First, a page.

Environmental GeoSpatial Consulting
In this project Environmental Geospatial Consulting worked with Dr. Huebner to examine Freeman Center to determine suitable areas for cattle grazing. Furthermore we created an aspect map and a 3D model of Freeman Center for the purpose of having a truly visualized elevation map for the ranch.
The objective of this study was to expand the geodatabase for Freeman Center with a focus on grazeable land acreage, with the secondary objectives of adding on missing data to the already existent geodatabase for Freeman Center, such as a 3D model and an Aspect map. E.G.S.C. identified areas of land that are not suitable for grazing as well as total grazeable acreage compared to accessible grazeable acreage. A pass/fail system was based off of factors that determine grazeablility. This study was accomplished through the use of spatial data analysis run on these areas. The study allowed us to produce maps of grazeable lands, as well a 3D elevation model and Aspect map, for the purpose of more sustainable planning in the raising and maintaining of cattle on Freeman Center.
The geographic extent of our study area is Freeman Center, San Marcos, Texas, which is approximately 4,200 acres. The study took approximately four months to complete.
In order to determine grazeable acreage we utilized ArcMap and EDRAS Imagine to look at access to water, slope, vegetation, and accessibility. Cattle generally will not graze at a distance greater than one mile from a water access point on a flat path. Cattle often will avoid steep areas and prefer to graze on open land. Dense vegetation may make areas that would otherwise be grazeable inaccessible. Heavily forested areas are also often avoided because they do not tend to contain vegetation palatable to cattle. Considering these factors related to grazing, we were able to create a scoring system to determine which areas have the potential to be developed for grazing. Once we established values for the different variable we measured a path from the water access points to calculate the likelihood of cattle using a certain area for grazing. This information allowed us to evaluate every acre of Freeman Ranch and its potential for grazing.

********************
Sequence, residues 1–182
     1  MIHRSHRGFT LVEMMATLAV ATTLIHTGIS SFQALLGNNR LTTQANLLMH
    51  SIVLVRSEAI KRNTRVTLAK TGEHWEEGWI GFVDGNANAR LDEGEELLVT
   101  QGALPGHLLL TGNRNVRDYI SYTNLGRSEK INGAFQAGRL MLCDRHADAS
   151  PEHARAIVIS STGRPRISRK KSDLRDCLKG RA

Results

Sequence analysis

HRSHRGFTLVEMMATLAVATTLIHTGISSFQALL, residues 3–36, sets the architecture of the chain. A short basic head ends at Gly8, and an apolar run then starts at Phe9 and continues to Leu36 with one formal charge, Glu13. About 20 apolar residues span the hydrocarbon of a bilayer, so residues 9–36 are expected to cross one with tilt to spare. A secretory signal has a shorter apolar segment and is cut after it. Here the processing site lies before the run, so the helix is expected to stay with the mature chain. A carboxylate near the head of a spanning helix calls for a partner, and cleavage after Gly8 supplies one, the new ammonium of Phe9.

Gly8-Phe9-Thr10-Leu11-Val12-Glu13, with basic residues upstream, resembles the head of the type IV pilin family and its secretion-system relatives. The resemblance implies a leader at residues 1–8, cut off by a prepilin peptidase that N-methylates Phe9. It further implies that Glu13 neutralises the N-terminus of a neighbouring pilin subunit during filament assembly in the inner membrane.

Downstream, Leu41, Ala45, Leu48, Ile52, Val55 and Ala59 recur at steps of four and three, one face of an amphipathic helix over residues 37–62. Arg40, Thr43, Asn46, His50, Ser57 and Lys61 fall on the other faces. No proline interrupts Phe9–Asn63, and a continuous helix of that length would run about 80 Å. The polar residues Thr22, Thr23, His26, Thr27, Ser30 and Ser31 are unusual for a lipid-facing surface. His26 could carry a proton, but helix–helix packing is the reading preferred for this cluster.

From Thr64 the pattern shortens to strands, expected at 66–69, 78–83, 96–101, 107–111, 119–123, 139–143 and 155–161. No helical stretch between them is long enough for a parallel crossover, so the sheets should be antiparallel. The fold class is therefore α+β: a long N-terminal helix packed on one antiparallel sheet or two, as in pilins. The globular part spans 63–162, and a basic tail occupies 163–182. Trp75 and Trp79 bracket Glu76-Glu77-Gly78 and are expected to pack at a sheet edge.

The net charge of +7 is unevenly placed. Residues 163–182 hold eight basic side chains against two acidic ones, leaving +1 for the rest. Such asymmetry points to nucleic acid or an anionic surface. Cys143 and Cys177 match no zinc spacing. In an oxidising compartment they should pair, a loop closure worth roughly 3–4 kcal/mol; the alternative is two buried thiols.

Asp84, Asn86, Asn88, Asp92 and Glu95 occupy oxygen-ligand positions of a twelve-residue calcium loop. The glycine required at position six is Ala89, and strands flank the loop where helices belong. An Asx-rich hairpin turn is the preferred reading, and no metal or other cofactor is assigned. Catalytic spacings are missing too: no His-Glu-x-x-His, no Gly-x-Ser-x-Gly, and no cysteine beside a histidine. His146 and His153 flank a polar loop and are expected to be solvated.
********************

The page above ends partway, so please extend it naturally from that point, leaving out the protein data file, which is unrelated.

To create the 3D model we obtained contour data from CAPCOG. We then imported the data into ArcScene and edited the data to get rid of lines that were inaccurate and skewing our data. We then proceeded to create a TIN from the contour lines elevation data. After this we added cultural features such as roads and fences, as well as physical features such as streams to the model. In addition to our 3D model we created a 2D Aspect map from our DEM in ArcMap. We then overlaid the Aspect map with a Hillshade data model in order to make in more readable.
Our operations resulted in a determination of the percentage of total potential grazeable area, and the percentage of accessible grazing area. We were able to divide accessible grazeable land by pasture to allow Freeman Center to compare sections of their property.
We were also able to accomplish our goals of creating a 3D model as well as an Aspect map of the ranch. The 3D model should prove useful for future analysis and visualizing the change in elevation. The Aspect map will be useful for any future construction on the ranch as well as future analysis. All of these items will contribute to the planning and management of Freeman Center, and will serve as aids for future GIS analysis of the ranch.